A Holy Humanity

Because we are all made in the image of God, everyone matters.  Both believer and unbeliever alike are valuable, important, and needed in the kingdom of God.  Because God doesn’t make junk, every person has meaning and significance.  And that is why we should look at people—all people—as part of a “holy humanity,” created in the image of our Holy God.  To be sure, sin has twisted and corrupted this image, but the image still remains.  Every person bears the image of God, regardless of where they live, how they look, and what they have learned.   

Think about the people Jesus hung around with.  In the eyes of the “good” and “valuable” and “important” people like the Pharisees, Jesus hung around with the wrong crowd.  He spent time with the dregs of society: prostitutes, tax collectors, criminals, the marginalized, and the outcasts of society.  He would have lived a far more comfortable and convenient life if He had invested His time in the socially acceptable and politically correct.  But He did not!  He was here for the down and out, not the up and in, and He would not let the opinions of others keep Him from helping the hurting reconnect and recapture their true humanity as image bearers of the Most High God!

Only the power of the Gospel enables us to tear down walls of self-focus and self-protection, freeing us to see the image of God in every person we meet.  This is what empowers us to live beyond the borders of our own lives.  We begin living for the glory of God and the good of others . . . all others.  We begin caring about people and for people who in no way can care about and for us.  Certainly they are in no position to benefit our lives.  Fredrick Buechner hits this proverbial “nail” squarely on the head in The Magnificent Defeat…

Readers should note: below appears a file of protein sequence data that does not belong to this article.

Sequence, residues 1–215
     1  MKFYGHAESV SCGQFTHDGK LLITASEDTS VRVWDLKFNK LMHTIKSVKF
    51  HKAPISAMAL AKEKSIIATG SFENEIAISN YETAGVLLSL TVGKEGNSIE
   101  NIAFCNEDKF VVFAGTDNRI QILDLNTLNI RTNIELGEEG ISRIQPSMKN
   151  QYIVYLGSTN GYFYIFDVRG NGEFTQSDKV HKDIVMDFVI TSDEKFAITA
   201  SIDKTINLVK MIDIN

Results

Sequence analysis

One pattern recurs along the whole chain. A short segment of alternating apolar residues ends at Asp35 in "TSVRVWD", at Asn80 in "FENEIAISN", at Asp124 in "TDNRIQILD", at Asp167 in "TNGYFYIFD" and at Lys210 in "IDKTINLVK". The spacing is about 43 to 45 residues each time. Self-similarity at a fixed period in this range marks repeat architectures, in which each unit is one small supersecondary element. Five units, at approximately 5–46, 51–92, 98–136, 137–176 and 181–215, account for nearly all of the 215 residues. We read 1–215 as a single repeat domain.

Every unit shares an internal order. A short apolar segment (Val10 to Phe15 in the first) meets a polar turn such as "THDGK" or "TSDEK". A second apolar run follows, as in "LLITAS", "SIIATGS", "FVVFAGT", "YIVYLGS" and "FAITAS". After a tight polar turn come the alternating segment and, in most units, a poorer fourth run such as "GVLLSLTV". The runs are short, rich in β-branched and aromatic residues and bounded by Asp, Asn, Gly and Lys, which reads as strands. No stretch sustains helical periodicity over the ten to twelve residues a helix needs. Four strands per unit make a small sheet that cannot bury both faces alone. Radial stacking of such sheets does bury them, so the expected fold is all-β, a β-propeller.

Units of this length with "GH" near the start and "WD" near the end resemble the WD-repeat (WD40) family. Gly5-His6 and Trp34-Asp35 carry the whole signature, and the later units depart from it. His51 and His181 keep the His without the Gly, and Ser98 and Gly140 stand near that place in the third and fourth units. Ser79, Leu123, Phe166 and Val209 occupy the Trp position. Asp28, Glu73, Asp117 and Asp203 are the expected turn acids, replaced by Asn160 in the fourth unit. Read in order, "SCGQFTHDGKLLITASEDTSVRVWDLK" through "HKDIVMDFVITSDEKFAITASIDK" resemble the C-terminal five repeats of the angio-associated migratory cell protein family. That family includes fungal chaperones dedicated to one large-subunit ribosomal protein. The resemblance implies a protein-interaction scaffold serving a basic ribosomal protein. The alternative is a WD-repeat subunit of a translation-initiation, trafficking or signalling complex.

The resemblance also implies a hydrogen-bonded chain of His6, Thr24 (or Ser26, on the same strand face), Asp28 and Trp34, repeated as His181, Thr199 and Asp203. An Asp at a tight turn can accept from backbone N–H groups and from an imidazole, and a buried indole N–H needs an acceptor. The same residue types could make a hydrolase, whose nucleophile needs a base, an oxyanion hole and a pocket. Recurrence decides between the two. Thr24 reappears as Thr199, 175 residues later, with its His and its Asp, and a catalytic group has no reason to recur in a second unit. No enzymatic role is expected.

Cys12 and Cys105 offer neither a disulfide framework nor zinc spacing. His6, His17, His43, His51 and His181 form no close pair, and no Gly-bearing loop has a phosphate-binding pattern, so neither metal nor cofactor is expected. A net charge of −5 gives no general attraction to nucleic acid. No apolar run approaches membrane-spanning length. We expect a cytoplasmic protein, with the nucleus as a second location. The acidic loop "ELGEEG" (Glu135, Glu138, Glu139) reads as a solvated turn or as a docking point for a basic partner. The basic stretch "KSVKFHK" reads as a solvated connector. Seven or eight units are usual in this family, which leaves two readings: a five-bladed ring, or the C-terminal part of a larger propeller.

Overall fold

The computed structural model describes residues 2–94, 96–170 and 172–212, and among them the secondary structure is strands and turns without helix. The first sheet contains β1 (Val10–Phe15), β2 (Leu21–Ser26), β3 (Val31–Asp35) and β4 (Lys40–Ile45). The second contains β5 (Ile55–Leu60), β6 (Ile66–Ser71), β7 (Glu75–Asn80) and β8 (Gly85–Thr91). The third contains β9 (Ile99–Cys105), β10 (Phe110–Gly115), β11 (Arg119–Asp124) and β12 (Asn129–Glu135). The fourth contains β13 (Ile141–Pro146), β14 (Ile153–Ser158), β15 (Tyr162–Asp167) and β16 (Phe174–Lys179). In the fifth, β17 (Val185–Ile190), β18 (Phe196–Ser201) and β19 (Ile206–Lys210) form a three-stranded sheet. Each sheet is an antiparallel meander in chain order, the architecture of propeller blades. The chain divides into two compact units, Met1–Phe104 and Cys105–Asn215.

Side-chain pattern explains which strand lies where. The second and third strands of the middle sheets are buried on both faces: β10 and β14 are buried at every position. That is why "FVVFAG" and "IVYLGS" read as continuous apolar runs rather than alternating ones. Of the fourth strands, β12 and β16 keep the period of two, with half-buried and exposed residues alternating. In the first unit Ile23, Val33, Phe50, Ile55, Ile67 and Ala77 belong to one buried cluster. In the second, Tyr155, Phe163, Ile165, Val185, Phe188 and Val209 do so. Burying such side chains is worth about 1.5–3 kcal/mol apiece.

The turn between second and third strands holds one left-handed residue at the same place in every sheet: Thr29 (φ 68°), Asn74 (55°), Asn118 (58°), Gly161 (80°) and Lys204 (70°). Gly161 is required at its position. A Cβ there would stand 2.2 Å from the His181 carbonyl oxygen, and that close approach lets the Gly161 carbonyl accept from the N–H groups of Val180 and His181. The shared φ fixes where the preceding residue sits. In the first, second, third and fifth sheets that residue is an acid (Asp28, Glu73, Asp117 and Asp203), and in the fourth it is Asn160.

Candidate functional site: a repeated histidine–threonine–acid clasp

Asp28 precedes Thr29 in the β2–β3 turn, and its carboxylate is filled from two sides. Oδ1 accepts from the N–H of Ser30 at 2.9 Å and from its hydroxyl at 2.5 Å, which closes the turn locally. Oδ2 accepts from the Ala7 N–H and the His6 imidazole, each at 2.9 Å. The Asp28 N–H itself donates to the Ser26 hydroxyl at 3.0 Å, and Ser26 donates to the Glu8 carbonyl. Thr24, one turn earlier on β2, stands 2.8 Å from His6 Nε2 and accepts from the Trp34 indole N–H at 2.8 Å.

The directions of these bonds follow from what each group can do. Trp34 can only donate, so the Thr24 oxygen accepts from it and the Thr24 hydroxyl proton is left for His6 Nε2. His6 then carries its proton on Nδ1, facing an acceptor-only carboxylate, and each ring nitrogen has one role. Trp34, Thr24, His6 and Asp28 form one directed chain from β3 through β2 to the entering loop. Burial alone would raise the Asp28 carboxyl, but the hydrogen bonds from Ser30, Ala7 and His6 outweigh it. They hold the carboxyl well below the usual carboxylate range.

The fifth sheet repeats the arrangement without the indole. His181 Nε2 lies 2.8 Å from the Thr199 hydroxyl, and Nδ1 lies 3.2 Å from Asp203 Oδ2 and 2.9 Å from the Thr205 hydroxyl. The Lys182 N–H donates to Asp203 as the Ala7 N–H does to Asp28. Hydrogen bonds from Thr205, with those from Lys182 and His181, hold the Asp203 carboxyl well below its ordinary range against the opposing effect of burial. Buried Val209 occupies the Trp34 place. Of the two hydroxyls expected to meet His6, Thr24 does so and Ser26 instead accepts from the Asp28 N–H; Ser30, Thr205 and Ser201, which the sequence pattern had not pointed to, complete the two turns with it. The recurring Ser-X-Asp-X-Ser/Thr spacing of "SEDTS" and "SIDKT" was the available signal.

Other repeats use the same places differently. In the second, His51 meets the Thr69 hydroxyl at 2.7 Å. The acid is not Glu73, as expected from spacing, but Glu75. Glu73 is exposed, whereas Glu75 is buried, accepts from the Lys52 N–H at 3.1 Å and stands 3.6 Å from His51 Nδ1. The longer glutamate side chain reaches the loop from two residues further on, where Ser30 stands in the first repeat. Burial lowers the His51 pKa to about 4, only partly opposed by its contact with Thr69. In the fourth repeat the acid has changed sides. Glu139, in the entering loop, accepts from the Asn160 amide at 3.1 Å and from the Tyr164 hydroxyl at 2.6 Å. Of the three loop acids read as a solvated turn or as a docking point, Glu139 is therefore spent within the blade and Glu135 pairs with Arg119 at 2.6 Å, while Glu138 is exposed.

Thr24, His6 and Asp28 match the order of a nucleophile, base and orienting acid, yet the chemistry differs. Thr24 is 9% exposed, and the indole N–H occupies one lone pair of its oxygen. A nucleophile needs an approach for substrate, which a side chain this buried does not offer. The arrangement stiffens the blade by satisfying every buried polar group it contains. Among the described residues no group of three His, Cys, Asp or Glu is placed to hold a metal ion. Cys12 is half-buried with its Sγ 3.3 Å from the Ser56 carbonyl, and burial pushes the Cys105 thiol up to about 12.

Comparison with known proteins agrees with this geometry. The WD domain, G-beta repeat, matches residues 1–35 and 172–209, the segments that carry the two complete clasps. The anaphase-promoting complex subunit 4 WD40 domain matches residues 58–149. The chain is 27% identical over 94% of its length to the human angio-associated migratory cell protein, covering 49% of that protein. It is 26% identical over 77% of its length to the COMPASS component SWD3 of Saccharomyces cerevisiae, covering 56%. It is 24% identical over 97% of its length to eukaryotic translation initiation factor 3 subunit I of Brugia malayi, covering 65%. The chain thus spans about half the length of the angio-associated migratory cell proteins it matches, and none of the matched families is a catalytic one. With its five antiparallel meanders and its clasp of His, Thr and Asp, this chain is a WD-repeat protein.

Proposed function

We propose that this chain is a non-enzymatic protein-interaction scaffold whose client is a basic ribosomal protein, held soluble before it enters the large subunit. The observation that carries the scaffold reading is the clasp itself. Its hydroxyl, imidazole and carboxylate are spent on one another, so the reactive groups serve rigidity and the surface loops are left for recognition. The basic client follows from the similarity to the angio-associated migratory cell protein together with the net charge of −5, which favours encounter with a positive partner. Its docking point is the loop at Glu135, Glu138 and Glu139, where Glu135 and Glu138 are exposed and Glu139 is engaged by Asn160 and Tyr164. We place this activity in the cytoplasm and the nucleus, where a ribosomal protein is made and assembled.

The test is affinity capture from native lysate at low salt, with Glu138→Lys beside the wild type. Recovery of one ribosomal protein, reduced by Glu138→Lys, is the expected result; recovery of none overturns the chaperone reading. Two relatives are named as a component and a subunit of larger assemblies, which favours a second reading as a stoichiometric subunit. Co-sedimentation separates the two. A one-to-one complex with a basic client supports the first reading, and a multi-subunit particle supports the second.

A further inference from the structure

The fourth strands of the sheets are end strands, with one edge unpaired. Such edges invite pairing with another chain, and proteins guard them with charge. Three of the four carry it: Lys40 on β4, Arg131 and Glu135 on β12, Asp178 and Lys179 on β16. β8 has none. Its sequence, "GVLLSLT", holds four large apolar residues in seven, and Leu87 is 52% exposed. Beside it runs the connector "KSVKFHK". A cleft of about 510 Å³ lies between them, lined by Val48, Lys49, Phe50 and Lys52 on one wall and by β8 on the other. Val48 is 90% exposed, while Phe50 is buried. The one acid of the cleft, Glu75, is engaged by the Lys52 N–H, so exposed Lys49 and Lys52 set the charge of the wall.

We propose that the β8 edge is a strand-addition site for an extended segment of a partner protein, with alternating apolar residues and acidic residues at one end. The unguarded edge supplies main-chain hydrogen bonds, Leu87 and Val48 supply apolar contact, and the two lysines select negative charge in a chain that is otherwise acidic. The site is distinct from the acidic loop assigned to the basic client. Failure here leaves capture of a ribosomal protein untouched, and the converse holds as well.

The love for equals is a human thing—of friend for friend, brother for brother.  It is to love what is loving and lovely.  The world smiles.  The love for the less fortunate is a beautiful thing—the love for those who suffer, for those who are poor, the sick, the failures, the unlovely.  This is compassion, and it touches the heart of the world.  The love for the more fortunate is a rare thing—to love those who succeed where we fail, to rejoice without envy with those who rejoice, the love of the poor for the rich, of the black man for the white man.  The world is always bewildered by its saints.  And then there is the love for the enemy—love for the one who does not love you but mocks, threatens, and inflicts pain.  The tortured’s love for the torturer.  This is God’s love.  It conquers the world. 

We love because we have been loved and we serve because we have been served by the One who purchased us with His precious blood.  As Jesus told His disciples, “The Son of Man came not to be served but to serve, and to give his life as a ransom for many” (Matthew 20:28).  And don’t miss this: Jesus knew we could never pay Him back in any way for all that He did for us.  For this reason …

  • Our purpose is built upon His will
  • Our passion is structured upon His mission
  • Our potential is connected to His power. 

At this level of living, every person matters to us because every person matters to God.  God is in the process of making all things new, and in that process He has called us to live for something bigger than ourselves.  Everything we have belongs to God; therefore we are to be using it all for the expansion of His kingdom, not our own.  When we care more about what God cares about, we will care more about other people.  Mercy and love will be the distinctives of our lives, and all those we touch will see a God who is both merciful and loving.  We make our God attractive when we look for and acknowledge the image of God in the “holy humanity” God brings into our lives. 

When you give a luncheon or dinner, do not invite your friends, your brothers or relatives, or your rich neighbors if you do, they may invite you back and so you will be repaid.  But when you give a banquet, invite the poor, the crippled, the lame, the blind, and you will be blessed.  Although they cannot repay you, you will be repaid at the resurrection of the righteousness.  (Luke 14:12-14)

I know this all sounds so radical and counterintuitive . . . but what would you expect from such a radical Savior who profoundly talked and personally walked such a counterintuitive message? 

This is the Gospel.  This is grace for your race.  NEVER FORGET THAT . . . AMEN!


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